The development further stalls a collective bargaining push by unions trying to organize child care providers. The election was supposed to take place in December, but a judge first halted balloting and later quashed the Dayton order altogether.
President Lisa Thompson of AFSCME Child Care Providers Together says Dayton “respects our democratic right to decide for ourselves whether or not we want a union.”
First things first. Enough with the euphemisms. The people that AFSCME and the SEIU wanted to force unionization onto aren’t “home-based child care workers.” They’re small businesses delivering child care services.
Next, AFSCME CCPT President Thompson is lying through her teeth when she says that Gov. Dayton “respects our democratic right to decide for ourselves whether or not we want a union.” Gov. Dayton doesn’t respect people’s rights to unionize. That’s why he attempted to only let 4,300 of the 11,000 licensed child care small businesses vote. He tried rigging the vote.
Gov. Dayton’s admission was essentially moot since child care small businesses filed a federal lawsuit challenging the unions’ ability to tell small businesses who will be their lobbyists:
The federal lawsuit will contend the union effort authorized by Governor Dayton’s executive order on November 15, 2011 violates the providers’ first amendment right of free political expression and association. The National Right to Work Foundation, a nonprofit legal aid association based in Washington, DC, has offered free legal assistance to child care providers who are battling what they view as compulsory unionization.
“The allegation is going to be that it’s unconstitutional, that the First Amendment guarantees everyone the right to choose with whom they associate to petition government and that the government can’t choose who’s going to represent providers for lobbying the state,” said Bill Messenger, an attorney with the National Right to Work Foundation who’s working on the case.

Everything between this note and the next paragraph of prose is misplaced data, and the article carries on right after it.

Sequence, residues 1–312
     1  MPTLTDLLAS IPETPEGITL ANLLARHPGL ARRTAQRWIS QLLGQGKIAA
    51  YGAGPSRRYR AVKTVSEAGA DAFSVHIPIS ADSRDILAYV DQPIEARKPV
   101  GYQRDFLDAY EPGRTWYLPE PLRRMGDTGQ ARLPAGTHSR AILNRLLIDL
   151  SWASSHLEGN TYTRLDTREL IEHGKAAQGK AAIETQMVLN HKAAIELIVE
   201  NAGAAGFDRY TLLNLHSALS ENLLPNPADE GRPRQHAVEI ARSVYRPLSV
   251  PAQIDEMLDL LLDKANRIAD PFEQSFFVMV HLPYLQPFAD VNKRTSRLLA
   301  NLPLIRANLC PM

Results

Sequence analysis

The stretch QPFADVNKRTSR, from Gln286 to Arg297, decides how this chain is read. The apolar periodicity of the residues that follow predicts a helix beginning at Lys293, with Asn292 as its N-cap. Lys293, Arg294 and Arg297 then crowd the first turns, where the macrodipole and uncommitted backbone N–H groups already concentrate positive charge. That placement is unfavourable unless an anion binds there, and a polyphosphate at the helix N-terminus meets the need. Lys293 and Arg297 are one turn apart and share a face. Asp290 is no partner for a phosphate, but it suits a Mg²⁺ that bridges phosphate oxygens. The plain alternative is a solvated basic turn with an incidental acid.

This case is essentially finished. Here’s the text of the First Amendment:
Congress shall make no law respecting an establishment of religion, or prohibiting the free exercise thereof; or abridging the freedom of speech, or of the press; or the right of the people peaceably to assemble, and to petition the Government for a redress of grievances.
In short, small businesses can’t be forced to hire Company A or Union B or anyone without their consent. If ABC Child Care wants to lobby the legislature on their own, that’s their right. Congress can’t infringe upon that right. Gov. Dayton can’t either. The unions can’t tell these small businesses that they have to associate with the unions, either.
The First Amendment says that individuals or a collection of individuals can petition their government and seek resolution of their complaints in the way they determine best meets their needs.